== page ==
# Torsion homology growth in arithmetic groups

• ### Nicolas Bergeron

Université Pierre et Marie Curie, Paris, France A subscription is required to access this book chapter.

## Abstract

Various recent works show that certain arithmetic groups -- that generalize the modular group -- can have `a lot' of torsion in their homology. Among these groups are the finite index (congruence) subgroups of $\mathrm{SL}_3 (\mathbb{Z})$ or $\mathrm{SL}_2 (\mathbb{Z} [i])$. In the latter case homology reduces to abelianization. In particular, for

$\textstyle \Gamma_0 (N) = \left\{ \left( \begin{smallmatrix} a & b \\ c & d \end{smallmatrix} \right) \in \mathrm{SL}_2 (\mathbb{Z} [i]) \; \big| \; N | c \right\} \quad (N \in \mathbb{Z}[i]),$

one may ask about the structure of the finitely generated $\mathbb{Z}$-module $\Gamma_0 (N) ^{\rm ab} = \Gamma_0 (N) / [\Gamma_0 (N) : \Gamma_0 (N)].$ It has a finite torsion part $\Gamma_0 (N)^{\rm ab}_{\rm tors}$ and Akshay Venkatesh and I have conjectured that, as $N$ tends to $\infty$ among primes, we have:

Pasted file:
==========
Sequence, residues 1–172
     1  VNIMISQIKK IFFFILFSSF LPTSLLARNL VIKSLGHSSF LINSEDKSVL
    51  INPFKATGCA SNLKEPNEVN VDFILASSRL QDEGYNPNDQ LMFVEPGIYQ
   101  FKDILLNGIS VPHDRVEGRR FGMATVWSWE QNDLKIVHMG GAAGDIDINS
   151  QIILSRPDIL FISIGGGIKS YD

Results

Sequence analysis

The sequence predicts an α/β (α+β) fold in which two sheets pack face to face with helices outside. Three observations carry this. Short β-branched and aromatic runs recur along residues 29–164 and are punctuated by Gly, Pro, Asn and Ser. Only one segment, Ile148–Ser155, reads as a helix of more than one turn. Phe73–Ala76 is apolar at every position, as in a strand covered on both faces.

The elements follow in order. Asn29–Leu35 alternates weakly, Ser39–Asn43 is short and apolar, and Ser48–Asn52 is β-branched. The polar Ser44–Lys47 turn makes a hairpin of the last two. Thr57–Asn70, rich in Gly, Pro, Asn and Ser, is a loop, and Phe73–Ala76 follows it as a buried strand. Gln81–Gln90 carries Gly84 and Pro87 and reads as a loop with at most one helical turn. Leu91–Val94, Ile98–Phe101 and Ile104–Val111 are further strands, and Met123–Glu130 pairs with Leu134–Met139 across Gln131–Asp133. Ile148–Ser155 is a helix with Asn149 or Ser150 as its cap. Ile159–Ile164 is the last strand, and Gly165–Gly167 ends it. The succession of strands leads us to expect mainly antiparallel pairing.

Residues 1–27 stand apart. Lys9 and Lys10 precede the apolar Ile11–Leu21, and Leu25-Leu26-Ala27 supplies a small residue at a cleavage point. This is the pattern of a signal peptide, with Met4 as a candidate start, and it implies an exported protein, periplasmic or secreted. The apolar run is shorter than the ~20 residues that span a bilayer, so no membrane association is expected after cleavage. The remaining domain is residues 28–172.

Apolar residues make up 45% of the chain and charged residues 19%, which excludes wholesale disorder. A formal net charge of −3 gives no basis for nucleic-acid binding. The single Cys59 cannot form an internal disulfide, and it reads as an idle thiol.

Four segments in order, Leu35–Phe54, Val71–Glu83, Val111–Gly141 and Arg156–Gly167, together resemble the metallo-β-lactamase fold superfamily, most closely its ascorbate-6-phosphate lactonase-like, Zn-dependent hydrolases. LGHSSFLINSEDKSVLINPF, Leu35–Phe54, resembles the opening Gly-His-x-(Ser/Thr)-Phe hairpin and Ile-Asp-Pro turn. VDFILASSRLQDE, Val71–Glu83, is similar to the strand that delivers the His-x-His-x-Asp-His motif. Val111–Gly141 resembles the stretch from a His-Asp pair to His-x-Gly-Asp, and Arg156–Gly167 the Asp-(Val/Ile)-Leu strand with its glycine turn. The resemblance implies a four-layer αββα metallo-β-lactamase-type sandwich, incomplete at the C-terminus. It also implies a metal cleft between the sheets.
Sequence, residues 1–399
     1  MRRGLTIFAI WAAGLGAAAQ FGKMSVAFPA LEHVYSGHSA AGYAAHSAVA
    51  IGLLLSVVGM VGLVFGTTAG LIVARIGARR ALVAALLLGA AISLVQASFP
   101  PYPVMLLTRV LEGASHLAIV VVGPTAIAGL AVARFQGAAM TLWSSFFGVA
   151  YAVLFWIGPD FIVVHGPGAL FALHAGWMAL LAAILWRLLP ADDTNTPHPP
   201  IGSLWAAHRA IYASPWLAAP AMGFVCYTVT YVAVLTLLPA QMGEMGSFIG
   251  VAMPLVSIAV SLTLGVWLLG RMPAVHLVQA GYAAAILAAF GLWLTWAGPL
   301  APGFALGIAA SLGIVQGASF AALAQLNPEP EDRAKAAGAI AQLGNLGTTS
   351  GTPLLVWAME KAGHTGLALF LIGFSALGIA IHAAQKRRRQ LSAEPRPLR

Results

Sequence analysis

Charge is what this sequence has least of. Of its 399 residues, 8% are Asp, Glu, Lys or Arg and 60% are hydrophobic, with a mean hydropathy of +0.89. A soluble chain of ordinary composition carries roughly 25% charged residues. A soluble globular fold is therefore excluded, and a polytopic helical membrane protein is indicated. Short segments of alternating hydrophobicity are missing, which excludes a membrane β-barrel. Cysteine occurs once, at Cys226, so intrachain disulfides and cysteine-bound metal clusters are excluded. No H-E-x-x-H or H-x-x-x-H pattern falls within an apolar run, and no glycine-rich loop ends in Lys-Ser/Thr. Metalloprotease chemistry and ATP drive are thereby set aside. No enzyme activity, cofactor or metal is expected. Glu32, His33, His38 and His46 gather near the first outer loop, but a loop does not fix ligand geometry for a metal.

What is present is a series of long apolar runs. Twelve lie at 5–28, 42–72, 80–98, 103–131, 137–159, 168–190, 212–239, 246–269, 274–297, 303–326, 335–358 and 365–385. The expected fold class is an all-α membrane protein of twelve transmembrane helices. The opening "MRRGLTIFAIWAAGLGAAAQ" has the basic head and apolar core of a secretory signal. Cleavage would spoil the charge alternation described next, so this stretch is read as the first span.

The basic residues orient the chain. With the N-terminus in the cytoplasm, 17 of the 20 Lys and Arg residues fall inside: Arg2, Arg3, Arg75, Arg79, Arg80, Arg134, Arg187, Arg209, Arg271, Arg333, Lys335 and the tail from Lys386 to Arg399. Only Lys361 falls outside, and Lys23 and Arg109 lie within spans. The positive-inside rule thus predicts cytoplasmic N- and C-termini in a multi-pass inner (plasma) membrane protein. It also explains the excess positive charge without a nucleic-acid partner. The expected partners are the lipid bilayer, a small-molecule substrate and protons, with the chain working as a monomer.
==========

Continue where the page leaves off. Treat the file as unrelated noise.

$\frac{\log |\Gamma_0 (N)^{\rm ab}_{\rm tors}|}{|N|^2} \to \frac{\lambda }{18\pi}, \quad \lambda=L(2, \chi_{\mathbb{Q} (i)}) = 1- \frac{1}{9} + \frac{1}{25} - \frac{1}{49} + \ldots$

More generally one may ask: \emph{How does the amount of torsion in the homology of an arithmetic group grow with the level $N$?} We propose a conjectural partial answer. This contribution presents ideas for how to attack this conjecture and discusses recent progress towards it. This topic interacts with more classical questions of geometry (analytic torsion, Gromov--Thurston norm, (higher) cost, rank and deficiency gradient \dots) and number theory (BSD conjecture, ABC conjecture~\dots). A big motivation is provided by (one of) Peter Scholze's recent breakthrough(s): \emph{very roughly} a mod $p$ torsion class in $\Gamma_0 (N)^{\rm ab}_{\rm tors}$ parametrizes a field extension $K/\mathbb{Q} (i)$ whose Galois group is a subgroup of $\mathrm{GL}_2 (\overline{\mathbb{F}}_p)$. Moreover, it is anticipated that there is a corresponding 'torsion Langlands program'.